During high school my friends got a little more creative. I patiently endured their constant screams of alarm as they dove out of the way and shouted the warning "Your head’s on fire!" As a public service, I was often asked to light the way for groups of fellow students down darkened hallways during power failures, a situation not unlike Santa Claus’ utilization of Rudolph’s bulbous red nose. "Megan the red haired school girl, you’ll go down in history!"

In more recent years, this discrimination against redheads has spread far and wide, aided by the popular TV show Southpark. In an infamous 2005 episode, characters on Southpark dubbed humans with red hair, pale skin, and freckles as "gingers." According to these awkwardly-shaped cartoon adolescents, gingers have no souls. states: "Gingers are generally considered to be inferior to their more melanin-rich brethren and thus deservingly discriminated against." Also, the condition "Gingervitis" is genetic and, sadly, incurable.

Well, I’m going to go against popular belief here and let you all know that red heads really do have souls. No, our faces are not splashed with mud and it’s virtually impossible to play connect the dots with our freckles. I can’t tell you how many kids have asked me why I have little brown spots all over my face, to which I always respond with the same witty comment about "kisses from the sunshine."

No, we are not from a different planet and we are not going to infect you with our incurable disease. In 1995, Professor Jonathan Rees of Edinborough University conducted a study of the causes of red hair. He discovered that melanocortin 1 receptor (MC1R), a gene found on the 16th chromosome, is responsible for lovely ginger locks. According to Rees, the MC1R is a result of a protein mutation in the DNA of all redheads. No doubt, the use of the term "mutation" has lead many to believe that those of us with red hair, pale skin, and freckles are, in fact, "mutants."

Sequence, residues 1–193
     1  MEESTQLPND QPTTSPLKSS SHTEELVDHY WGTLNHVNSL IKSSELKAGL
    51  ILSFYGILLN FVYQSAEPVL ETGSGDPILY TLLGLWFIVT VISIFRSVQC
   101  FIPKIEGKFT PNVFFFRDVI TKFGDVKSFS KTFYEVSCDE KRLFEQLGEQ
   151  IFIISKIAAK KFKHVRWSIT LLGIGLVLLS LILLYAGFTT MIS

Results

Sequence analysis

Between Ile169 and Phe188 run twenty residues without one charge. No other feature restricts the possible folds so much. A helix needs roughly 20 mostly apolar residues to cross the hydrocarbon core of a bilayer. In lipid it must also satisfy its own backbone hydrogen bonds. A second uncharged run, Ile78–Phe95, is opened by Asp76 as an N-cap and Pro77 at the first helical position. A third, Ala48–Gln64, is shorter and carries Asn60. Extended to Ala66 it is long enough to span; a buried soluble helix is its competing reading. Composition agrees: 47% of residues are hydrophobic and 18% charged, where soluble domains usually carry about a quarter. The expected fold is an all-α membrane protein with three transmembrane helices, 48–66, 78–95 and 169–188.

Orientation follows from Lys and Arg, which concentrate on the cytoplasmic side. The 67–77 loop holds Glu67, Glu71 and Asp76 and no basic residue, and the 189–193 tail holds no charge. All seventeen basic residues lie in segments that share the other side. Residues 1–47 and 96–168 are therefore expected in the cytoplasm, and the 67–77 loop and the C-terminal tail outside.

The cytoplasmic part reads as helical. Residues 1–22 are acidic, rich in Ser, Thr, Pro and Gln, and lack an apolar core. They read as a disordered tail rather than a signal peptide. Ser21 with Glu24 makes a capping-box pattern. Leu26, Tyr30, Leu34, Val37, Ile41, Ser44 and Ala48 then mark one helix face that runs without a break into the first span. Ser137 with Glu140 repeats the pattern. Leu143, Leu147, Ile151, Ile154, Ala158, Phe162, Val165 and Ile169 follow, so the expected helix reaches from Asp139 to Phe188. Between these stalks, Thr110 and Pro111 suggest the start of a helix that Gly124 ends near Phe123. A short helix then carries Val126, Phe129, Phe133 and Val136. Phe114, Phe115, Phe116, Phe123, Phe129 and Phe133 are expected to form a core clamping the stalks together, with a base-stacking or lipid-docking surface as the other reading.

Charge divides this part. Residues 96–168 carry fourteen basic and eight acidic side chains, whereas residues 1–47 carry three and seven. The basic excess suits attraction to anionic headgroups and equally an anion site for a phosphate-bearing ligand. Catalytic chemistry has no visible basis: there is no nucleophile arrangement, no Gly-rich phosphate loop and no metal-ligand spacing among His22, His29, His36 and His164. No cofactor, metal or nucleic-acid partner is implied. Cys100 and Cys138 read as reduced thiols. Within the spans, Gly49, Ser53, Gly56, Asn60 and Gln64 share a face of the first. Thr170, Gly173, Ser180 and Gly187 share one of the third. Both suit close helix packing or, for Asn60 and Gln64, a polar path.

Surprisingly, not all of us are related. For the past ten years my family and a big group of our friends have gone camping for a week during the summer. It just so happens that more than ten members of our little posse are redheads, a fact that serves to confuse many a passerby into thinking that the entire group is one big happy family. While entertaining at first, this mystification has gotten a bit monotonous over the years.

Also, the majority of us redheads are not straight off the boat from Ireland. Actually, the biggest percentage of redheads in the world is found in Scotland (14%), closely followed by Ireland and Italy with 10% and 8% respectively. If you do the math, this leaves 68% of the redhead population to be spread far and wide across earth’s surface. You can find us virtually anywhere!

I have actually noticed that being a redhead has a lot of advantages. It’s painfully unique; people gravitate towards redheads. Our buddy Lucille was quoted as saying "Once in his lifetime, every man is entitled to fall madly in love with a gorgeous redhead." Similarly, have you ever wondered why I have so many friends? I jest, of course.

It also gives you something to talk about in awkward social situations. I will demonstrate: Awkward party guest: "So… you have red hair?" Smooth, cool, confident ginger: "Why yes I do have red hair!" And so on.

Whenever you need a little boost of confidence, just go to the hair salon. All the hairdressers and older ladies will tell you that they would absolutely DIE to have your hair color. Amid the adoring head pats, longing stares, and fond inquiries ("Is it natural, honey?"), it’s extremely hard to leave the salon without a little pep in your step.

And above all else, if you enjoy being lavishly complimented by adorable elderly gentlemen, red in the head is the thing to be! As a redhead, you are ceaselessly bombarded with complimentary tidbits ("I’ve always had a thing for redheads") and tales of the glory days of old ("You know, my first wife was a red head and boy was she a looker!").

By living through all of the hardships of being a redhead in a predominantly blonde/brunette society, I have become a stronger person. Whatever doesn’t kill you can only make you stronger, right? And in the words of Rupee, a completely obscure and unknown Spanish techno band, "If you’ve got it, then flaunt it; show it off to the world." I love being a red head. It’s unique and I think it compliments my personality. And let’s be honest… the world is a happier place because gingers know how to "flaunt it."

Megan is a Communications major at the Mount